The Nickel Boys

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  • 224 pages
  • The Nickel Boys
  • Colson Whitehead
  • 10 March 2019

About the Author: Colson Whitehead

I m the author of the novels Zone One Sag Harbor The Intuitionist, a finalist for the PEN Hemingway award John Henry Days, which won the Young Lions Fiction Award, the Anisfield Wolf Book Award, and was a finalist for the Pulitzer Prize and Apex Hides the Hurt, winner of the PEN Oakland Award I ve also written a book of essays about my home town, The Colossus of New York, and a non fiction ac

The Nickel BoysColson Whitehead Brilliantly Dramatizes Another Strand Of American History Through The Story Of Two Boys Sentenced To A Hellish Reform School In Jim Crow Era Florida.As The Civil Rights Movement Begins To Reach The Black Enclave Of Frenchtown In Segregated Tallahassee, Elwood Curtis Takes The Words Of Dr Martin Luther King To Heart He Is As Good As Anyone Abandoned By His Parents, But Kept On The Straight And Narrow By His Grandmother, Elwood Is About To Enroll In The Local Black College But For A Black Boy In The Jim Crow South In The Early 1960s, One Innocent Mistake Is Enough To Destroy The Future Elwood Is Sentenced To A Juvenile Reformatory Called The Nickel Academy, Whose Mission Statement Says It Provides Physical, Intellectual And Moral Training So The Delinquent Boys In Their Charge Can Become Honorable And Honest Men In Reality, The Nickel Academy Is A Grotesque Chamber Of Horrors, Where The Sadistic Staff Beats And Sexually Abuses The Students, Corrupt Officials And Locals Steal Food And Supplies, And Any Boy Who Resists Is Likely To Disappear Out Back Stunned To Find Himself In Such A Vicious Environment, Elwood Tries To Hold On To Dr King S Ringing Assertion Throw Us In Jail And We Will Still Love You His Friend Turner Thinks Elwood Is Worse Than Naive, That The World Is Crooked And The Only Way To Survive Is To Scheme And Avoid Trouble The Tension Between Elwood S Ideals And Turner S Skepticism Leads To A Decision Whose Repercussions Will Echo Down The Decades Formed In The Crucible Of The Evils Jim Crow Wrought, The Boys Fates Will Be Determined By What They Endured At The Nickel Academy.Based On The Real Story Of A Reform School In Florida That Operated For One Hundred And Eleven Years And Warped The Lives Of Thousands Of Children, The Nickel Boys Is A Devastating, Driven Narrative.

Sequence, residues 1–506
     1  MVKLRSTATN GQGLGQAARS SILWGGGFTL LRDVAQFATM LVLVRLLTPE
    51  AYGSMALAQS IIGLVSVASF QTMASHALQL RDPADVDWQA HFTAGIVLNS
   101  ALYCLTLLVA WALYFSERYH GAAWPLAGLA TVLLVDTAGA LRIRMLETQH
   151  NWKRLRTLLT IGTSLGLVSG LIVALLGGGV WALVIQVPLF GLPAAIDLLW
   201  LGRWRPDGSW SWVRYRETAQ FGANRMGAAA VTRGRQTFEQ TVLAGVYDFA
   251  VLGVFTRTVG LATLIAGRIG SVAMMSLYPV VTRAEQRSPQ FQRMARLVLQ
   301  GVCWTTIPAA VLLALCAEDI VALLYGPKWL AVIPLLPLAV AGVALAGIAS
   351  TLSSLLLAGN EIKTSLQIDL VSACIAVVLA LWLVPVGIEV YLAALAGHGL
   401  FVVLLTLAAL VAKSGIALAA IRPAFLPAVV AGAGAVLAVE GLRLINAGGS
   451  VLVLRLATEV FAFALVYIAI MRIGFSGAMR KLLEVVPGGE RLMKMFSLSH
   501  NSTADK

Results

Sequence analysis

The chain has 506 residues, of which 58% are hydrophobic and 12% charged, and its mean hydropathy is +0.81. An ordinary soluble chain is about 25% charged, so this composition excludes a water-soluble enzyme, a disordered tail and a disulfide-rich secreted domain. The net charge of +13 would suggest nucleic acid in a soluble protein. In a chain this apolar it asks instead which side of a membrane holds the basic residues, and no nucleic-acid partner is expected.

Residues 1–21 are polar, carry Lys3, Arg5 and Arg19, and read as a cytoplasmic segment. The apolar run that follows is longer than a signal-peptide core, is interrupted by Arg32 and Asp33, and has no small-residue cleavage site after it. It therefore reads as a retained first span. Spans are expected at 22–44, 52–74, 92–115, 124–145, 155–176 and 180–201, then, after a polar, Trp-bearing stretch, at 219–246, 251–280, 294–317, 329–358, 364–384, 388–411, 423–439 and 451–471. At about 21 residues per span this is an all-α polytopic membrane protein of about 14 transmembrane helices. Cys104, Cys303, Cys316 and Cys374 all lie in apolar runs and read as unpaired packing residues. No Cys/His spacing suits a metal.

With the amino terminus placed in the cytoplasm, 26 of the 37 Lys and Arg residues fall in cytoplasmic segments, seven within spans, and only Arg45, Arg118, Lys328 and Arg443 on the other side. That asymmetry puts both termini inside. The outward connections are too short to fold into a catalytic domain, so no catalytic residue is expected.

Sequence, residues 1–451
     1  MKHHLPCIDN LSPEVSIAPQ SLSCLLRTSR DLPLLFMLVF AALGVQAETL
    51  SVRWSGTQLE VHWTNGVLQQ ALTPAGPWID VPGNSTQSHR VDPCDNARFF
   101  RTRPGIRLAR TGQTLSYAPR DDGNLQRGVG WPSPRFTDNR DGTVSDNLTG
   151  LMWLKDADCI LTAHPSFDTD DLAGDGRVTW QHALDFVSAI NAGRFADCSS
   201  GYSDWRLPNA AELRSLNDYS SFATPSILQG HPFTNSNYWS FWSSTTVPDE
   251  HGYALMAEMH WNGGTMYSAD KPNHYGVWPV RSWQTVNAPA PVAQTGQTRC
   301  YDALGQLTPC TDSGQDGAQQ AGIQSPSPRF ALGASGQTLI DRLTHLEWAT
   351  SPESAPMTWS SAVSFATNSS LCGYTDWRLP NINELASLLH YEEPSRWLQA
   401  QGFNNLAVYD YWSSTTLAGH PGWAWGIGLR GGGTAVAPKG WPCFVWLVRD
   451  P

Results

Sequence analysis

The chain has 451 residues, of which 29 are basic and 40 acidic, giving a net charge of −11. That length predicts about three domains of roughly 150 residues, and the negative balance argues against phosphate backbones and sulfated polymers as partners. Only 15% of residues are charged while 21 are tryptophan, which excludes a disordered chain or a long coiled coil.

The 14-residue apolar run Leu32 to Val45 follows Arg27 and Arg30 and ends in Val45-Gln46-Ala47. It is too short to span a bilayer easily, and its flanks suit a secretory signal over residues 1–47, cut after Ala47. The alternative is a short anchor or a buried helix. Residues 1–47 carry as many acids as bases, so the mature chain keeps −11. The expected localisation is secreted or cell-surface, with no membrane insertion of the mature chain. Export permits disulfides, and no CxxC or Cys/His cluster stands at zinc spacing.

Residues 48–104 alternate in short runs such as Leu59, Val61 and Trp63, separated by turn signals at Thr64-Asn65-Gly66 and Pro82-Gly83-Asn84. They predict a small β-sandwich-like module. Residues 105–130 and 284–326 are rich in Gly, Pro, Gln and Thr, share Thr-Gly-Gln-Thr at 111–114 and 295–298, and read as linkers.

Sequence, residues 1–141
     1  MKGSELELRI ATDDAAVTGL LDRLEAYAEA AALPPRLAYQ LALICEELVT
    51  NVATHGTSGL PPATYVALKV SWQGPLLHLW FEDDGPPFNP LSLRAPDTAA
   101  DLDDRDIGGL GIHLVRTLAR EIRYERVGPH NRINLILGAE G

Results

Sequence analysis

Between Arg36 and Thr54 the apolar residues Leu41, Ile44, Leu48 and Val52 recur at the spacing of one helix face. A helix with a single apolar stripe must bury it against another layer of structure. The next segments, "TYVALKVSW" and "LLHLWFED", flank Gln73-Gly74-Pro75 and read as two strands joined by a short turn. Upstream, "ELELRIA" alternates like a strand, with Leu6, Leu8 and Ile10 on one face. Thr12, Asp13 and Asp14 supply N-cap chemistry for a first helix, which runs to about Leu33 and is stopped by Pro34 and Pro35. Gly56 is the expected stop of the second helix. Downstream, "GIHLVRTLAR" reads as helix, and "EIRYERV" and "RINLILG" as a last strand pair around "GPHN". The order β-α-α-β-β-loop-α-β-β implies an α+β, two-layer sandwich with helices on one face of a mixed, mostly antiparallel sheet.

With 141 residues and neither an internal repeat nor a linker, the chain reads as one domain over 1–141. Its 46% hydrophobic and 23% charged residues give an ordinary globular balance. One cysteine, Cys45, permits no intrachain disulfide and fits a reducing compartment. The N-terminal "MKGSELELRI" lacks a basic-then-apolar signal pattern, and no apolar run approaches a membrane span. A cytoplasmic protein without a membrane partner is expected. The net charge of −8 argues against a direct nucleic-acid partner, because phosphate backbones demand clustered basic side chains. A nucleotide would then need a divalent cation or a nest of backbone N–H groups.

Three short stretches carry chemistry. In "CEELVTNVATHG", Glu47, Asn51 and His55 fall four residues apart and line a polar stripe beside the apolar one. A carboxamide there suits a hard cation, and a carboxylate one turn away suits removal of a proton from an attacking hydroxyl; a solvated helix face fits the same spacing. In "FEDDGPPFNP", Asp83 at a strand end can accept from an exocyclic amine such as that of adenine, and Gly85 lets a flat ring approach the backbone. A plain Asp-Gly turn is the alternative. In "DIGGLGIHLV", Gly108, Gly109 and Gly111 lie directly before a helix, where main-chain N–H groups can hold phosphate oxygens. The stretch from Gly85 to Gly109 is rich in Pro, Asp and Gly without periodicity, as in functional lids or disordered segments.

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10 thoughts on “The Nickel Boys

  1. Roxane says:

    I loved this novel It is rich with detail, the plot twists in a really interesting way, the novel s structure is pretty brilliant and overall, this is an ambitious book that was really well executed It is a coming of age story where that coming of age is warped by the atrocities of a school for boys in segregated Florida As Elwood awakens to the civil rights movement, he is stripped of nearly all his rights The he understands the freedom he deserves, the less freedom he has and that juxtaposition drives this remarkable novel At times, there were bits of prose that felt a bit, half hearted, like filler until he got to the part he was interested in I would have given this five stars but Whitehead uses cement instead of concrete at least 7 times I stopped counting after 7 times because it was too upsetting Cement, water, and aggregates make concrete Cement and concrete are not synonyms Why do copyeditors not catch this WHY Anyway, great novel People are going to love this one BUT STILL CEMENT IS NOT CONCRETE.

  2. Paromjit says:

    Colson Whitehead confirms his position as a phenomenal writer with this ostensibly heartbreaking and harrowing fictional storytelling, but which is informed by the darkest, most shameful, and ugliest period of American history explored through the lives of two young boys, set in the early 1960s Civil Rights time and all the horrors of the Jim Crow era in Frenchtown, segregated Tallahassee, Florida Whitehead writes in understated and subtly nuanced prose, all the effective in delivering its relentless and emotionally hard hitting punches that live on in the memory long after the reader has finished reading the book Elwood Curtis is a bright and hardworking boy who lives with his beloved and strict grandmother who keeps him on the straight and narrow He is caught by the fire and ideals of Martin Luther King s spiritual rhetoric and philosophy, and the fight for emancipation, believing in the equality of everyone.Excited by the thought of attending a local black college, the innocent Elwood s life is to fall apart when he is sent to the evil hellhole that is The Nickel Academy, a segregated juvenile reform school run by the unbearably cruel and sadistic Maynard Spencer Elwood is to find himself in a racist place that has no interest in educating or improving the lives of the young men and where everyday life reeks of despair, misery and never ending horrors Vicious brutality, sexual abuse, torture, repression, corruption, disappearing boys and death are rife, as Elwood struggles to maintain King s higher ideals of love, trust and freedom in the face of his and his friend, Turner s, realities Turner has a cynical and jaundiced picture of the world he sees, believing Elwood to be naive, as he plots and schemes, trying to avoid as much trouble as possible The boys futures are to be shaped by their experiences and what they have seen, and Elwood is living in New York when a traumatic past that refuses to lie down returns into his life.The Nickel Academy is based on an actual reform school with its graveyard in Marianna, Florida, and interspersed in the narrative are quotes from the actual traumatised survivors of the place, along with quotes from King himself Whitehead s novel is not only a scathing indictment of the likes of The Nickel Academy but of aspects of American society that allowed the existence of the reform school and the evil within, and as such bear responsibility for what happened there, but pertinently, the political and social structures that legitimised such horrors, and the wider racism and discrimination Whitehead shines a powerful light on American history, the shadows of which have never gone away, and which are undeniably present in our contemporary world A superb novel that is a must read, of justice and injustice, and which I feel is destined to become a classic in the future Highly recommended Many thanks to Little, Brown for an ARC.